The Prime Minister brushed aside concerns about the manner of Moammar Gadhafi’s death. Another death in Afghanistan raised questions about risk. John Baird promised to hold Libya’s new government to account. Daryl Kramp took on date confusion. Mathieu Ravignat took on floor crossing. Vic Toews took on defence lawyers (however much he may have needed one in the past). Quebec and Ontario took a stand on crime. The Harper government took a stand against UNESCO. The New Democrats and Conservatives questioned each other’s math, while the Conservatives voted together to defeat an NDP motion on asbestos.
By Aaron Wherry - Thursday, November 3, 2011 at 9:30 AM - 28 Comments
Dean Del Mastro, the parliamentary secretary to the Prime Minister, said on Facebook last month that it was “outrageous” the Catholic school board in Peterborough, Ont. had invited Trudeau to speak for a second time in three years. “If they are looking for a truly great speaker, who also happens to be Catholic, perhaps they might invite [Immigration] Minister Jason Kenney,” Mr. Del Mastro wrote on Oct. 12. “Are there any tenets of the Catholic faith that Justin supports?”
Here is video coverage of Mr. Trudeau’s appearance in Peterborough, including testimonials from obviously traumatized young people. Continue…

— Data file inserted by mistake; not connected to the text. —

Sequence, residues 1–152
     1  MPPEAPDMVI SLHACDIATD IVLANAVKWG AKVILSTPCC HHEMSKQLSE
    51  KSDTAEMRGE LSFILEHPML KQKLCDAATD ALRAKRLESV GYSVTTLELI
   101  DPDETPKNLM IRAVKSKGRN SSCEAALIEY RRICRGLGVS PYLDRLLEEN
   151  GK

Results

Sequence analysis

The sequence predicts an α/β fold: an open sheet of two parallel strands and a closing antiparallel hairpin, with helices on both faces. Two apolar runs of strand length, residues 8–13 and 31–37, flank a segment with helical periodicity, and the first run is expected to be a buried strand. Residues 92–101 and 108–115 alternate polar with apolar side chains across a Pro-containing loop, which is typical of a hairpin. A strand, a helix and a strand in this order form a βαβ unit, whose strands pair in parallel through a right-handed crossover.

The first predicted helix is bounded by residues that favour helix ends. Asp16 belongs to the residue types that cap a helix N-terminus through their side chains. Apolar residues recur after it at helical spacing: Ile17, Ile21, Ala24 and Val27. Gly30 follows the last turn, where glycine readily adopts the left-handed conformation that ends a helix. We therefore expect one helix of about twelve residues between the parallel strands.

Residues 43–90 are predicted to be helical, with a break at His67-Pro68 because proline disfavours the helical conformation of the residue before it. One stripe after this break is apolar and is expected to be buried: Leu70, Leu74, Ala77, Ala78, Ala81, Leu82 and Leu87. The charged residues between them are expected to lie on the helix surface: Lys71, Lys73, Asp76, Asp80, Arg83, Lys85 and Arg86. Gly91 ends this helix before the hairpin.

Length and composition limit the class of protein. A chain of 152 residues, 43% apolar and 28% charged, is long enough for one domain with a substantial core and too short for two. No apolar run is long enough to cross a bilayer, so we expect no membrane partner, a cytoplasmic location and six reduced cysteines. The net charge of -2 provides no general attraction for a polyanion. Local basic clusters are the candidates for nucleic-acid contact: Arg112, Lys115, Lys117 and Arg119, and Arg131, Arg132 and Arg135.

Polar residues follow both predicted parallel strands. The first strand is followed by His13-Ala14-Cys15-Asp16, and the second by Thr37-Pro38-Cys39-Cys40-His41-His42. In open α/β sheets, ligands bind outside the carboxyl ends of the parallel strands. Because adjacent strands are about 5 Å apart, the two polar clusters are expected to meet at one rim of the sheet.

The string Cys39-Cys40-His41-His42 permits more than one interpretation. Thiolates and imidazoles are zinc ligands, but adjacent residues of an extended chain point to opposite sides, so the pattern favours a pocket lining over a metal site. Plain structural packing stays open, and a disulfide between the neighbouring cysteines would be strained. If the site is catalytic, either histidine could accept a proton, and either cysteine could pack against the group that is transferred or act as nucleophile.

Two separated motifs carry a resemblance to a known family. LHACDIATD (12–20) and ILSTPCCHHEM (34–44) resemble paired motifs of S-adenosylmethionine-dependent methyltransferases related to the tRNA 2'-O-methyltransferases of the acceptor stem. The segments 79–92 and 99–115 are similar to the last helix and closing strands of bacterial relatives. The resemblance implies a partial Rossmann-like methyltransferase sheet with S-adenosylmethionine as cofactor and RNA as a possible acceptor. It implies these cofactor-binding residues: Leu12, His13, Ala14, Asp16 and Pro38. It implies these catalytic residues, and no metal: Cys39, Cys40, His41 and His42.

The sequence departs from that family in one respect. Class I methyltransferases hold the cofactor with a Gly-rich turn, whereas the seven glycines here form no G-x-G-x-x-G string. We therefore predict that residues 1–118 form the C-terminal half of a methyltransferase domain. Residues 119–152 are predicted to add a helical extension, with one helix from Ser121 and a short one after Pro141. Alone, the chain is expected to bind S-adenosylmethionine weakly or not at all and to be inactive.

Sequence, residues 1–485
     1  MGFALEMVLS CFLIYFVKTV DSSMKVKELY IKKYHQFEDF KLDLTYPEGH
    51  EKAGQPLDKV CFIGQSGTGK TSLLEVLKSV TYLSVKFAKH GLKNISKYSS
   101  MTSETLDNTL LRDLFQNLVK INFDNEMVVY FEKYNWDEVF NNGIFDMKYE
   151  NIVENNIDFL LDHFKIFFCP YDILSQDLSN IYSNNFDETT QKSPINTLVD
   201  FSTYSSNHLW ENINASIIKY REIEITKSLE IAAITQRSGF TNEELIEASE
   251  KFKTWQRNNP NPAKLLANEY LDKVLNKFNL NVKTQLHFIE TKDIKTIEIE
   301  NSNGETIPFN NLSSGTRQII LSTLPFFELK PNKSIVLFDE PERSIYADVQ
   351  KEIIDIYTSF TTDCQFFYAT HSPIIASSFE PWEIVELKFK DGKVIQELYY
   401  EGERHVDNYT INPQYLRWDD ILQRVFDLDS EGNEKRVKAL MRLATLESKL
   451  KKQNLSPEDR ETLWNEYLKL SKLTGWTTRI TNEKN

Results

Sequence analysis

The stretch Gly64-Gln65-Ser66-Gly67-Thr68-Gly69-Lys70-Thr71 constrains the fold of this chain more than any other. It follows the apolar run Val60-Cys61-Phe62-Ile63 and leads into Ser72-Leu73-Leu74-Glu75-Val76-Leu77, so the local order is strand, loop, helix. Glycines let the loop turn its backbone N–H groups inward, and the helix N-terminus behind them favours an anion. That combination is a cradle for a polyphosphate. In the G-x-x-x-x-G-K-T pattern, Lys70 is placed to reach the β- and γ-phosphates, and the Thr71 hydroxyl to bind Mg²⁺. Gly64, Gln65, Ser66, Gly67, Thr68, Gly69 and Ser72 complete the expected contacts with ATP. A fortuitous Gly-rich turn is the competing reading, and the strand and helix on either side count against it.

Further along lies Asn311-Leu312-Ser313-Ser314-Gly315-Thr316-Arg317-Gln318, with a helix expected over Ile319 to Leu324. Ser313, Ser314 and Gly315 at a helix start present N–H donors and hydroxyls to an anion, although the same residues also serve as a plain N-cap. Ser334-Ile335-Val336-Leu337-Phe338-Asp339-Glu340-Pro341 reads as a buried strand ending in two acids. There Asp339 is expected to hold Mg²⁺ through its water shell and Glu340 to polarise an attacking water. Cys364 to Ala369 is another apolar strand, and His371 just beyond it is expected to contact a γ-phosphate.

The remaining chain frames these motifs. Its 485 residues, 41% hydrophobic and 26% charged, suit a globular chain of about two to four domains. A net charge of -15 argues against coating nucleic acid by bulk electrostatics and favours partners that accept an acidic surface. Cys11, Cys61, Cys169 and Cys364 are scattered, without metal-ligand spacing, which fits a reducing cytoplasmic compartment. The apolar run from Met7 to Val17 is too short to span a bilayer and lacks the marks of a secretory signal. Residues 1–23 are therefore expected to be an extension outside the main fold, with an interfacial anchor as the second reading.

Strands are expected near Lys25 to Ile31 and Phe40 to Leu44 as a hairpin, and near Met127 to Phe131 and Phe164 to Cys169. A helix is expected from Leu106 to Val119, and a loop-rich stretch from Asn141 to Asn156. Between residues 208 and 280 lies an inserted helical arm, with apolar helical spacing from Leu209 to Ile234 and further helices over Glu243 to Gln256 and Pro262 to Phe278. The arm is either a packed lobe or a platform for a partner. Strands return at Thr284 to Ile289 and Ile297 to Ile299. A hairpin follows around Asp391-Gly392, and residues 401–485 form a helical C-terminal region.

By Aaron Wherry - Saturday, October 22, 2011 at 3:22 PM - 0 Comments
John McCallum and Tony Clement exchanged tweets. The shadow cabinet was shuffled. House of Commons redistribution proposals were floated, but Tim Uppal cautioned against believing everything a government source tells you. The Harper government tabled its Wheat Board reforms and took aim at its crime-fighting partners. Dean Del Mastro’s lamented selectively. Steven Blaney sided with the French. Charlie Angus kept on mocking Mr. Clement. John Turner kept on complaining. And Pat Martin tried to explain himself. Continue…
By Aaron Wherry - Wednesday, October 19, 2011 at 9:36 AM - 3 Comments
Glen McGregor notes that, while Dean Del Mastro thinks “a lot of Canadians would be really troubled to know that we are spending an awful lot of taxpayers’ money on a court case where in fact they’re funding both sides of it” so far as it concerns the CBC, two federal departments are also fighting the information commissioner in court.